Experiments were conducted in an ice basin in order to examine the interaction between two ice floes. Crushing failure was induced at the interface. Forces and relative displacements between the floes were measured. The dependence of forces on displacements and friction coefficients were examined. A method to extrapolate the results to full scale conditions is proposed.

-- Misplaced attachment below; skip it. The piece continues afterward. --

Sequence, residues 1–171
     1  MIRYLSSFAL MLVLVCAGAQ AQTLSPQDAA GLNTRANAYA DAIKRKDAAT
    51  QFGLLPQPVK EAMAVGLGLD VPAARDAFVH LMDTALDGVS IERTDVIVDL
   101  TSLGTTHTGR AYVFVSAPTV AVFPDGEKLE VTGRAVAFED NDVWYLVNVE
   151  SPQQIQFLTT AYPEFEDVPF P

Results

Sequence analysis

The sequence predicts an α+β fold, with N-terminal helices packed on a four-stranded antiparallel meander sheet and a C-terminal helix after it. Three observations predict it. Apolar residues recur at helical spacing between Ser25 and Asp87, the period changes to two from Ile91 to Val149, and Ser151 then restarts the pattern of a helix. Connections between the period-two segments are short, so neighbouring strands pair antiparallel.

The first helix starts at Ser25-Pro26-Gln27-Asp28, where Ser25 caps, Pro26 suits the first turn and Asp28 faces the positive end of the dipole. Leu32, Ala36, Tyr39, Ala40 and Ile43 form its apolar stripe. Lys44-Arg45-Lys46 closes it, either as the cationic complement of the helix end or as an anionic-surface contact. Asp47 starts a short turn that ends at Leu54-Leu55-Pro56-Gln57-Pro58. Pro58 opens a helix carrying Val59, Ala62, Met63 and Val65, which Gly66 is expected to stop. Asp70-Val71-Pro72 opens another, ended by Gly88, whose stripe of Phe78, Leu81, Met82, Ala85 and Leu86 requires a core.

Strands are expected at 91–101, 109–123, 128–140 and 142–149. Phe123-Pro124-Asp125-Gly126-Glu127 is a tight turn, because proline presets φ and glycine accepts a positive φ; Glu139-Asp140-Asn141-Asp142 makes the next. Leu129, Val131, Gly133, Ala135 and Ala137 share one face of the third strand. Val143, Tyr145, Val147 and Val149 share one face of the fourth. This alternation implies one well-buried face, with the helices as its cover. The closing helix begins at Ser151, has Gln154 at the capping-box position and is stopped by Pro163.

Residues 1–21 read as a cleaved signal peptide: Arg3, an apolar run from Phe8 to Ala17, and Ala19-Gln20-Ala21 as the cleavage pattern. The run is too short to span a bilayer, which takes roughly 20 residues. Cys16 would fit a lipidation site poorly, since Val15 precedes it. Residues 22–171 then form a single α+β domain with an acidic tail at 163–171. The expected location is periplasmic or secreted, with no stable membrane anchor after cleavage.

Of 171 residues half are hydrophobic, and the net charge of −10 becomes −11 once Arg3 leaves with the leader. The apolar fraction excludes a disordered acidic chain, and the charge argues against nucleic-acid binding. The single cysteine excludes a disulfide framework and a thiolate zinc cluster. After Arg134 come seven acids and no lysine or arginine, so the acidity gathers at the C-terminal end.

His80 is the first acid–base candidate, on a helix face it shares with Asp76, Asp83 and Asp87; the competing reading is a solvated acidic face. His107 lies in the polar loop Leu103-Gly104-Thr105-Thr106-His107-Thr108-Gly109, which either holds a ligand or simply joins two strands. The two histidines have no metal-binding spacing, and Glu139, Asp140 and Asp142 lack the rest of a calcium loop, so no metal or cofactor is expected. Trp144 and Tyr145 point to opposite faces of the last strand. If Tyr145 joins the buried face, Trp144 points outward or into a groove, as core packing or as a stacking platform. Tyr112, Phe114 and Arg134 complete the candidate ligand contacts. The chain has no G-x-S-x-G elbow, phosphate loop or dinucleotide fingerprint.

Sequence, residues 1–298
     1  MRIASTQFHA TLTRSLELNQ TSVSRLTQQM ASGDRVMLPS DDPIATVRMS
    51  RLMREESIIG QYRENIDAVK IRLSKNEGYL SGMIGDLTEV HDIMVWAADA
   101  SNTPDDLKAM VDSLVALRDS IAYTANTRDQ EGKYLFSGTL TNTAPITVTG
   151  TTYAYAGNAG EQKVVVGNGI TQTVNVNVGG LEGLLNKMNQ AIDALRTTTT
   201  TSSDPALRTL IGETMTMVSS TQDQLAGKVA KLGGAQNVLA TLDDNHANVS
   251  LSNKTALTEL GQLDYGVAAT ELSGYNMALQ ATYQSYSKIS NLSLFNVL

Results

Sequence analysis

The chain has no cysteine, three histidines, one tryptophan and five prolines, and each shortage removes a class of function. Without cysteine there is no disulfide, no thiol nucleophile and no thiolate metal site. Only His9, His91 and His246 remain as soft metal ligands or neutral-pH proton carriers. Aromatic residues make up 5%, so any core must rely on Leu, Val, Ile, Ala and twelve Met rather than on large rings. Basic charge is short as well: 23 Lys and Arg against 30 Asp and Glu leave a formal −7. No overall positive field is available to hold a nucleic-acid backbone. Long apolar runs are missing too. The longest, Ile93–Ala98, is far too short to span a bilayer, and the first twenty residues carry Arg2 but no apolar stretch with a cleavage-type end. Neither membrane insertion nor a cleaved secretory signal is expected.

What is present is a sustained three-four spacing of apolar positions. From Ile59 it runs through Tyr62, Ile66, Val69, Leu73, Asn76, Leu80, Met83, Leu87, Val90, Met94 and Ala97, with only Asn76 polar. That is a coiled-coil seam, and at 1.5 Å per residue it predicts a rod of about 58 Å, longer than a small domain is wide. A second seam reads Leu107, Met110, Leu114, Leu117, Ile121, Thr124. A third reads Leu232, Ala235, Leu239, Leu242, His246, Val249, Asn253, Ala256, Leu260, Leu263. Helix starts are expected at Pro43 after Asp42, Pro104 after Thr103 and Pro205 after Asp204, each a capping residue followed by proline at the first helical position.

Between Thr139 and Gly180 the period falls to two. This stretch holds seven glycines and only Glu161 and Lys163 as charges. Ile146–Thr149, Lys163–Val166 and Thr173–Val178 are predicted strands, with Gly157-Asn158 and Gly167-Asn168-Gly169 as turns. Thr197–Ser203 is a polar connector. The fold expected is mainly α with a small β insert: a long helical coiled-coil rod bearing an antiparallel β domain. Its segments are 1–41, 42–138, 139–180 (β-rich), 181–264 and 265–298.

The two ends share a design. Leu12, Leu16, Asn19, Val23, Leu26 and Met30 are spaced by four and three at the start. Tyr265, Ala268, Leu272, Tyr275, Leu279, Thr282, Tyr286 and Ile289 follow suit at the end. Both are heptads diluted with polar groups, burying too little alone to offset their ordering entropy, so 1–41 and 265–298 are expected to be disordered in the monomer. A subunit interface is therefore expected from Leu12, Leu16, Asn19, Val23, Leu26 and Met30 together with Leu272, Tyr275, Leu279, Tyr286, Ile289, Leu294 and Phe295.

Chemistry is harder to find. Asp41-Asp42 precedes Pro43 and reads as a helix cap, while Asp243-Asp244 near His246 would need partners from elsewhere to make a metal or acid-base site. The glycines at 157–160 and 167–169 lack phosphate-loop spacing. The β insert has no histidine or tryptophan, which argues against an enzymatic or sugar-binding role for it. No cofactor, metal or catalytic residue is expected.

The interaction between ice floes plays a significant role in many cases of ice cover deformation and action against structures. For example contact forces between floes are of particular importance in modelling marginal ice zone dynamics. The modes of behaviour which may occur when ice floes collide include : crushing, splitting, rafting, buckling and ridging. It is intuitively expected that the mode of behaviour should be influenced by such factors as ice strength, ice-ice friction, ice thickness, velocity and floe geometries. Most ice engineering literature, however, has focused on ice failure against indentors. Ridging has been the only mode of ice-ice interaction to receive considerable attention. Other modes of ice-ice interaction remain open questions. Recently, models of ice cover behaviour, at various length scales, have been increasingly utilizing a discrete approach (e.g. Shen and Ackley 1991, and Hopkins and Hibler 1991). These models require a knowledge of the conditions at the interface between ice floes. Contact conditions are usually represented by various arrangements of springs, dashpots and friction elements. At present, however, there is no available information regarding crushing failure between two colliding ice floes. Data is needed to relate forces (or pressures) at the interface to ice deformation. The present experiments explore the crushing failure between two floating ice floes. The experiments are based on moving an ice block against an ice sheet. Forces and displacements were measured during the interaction.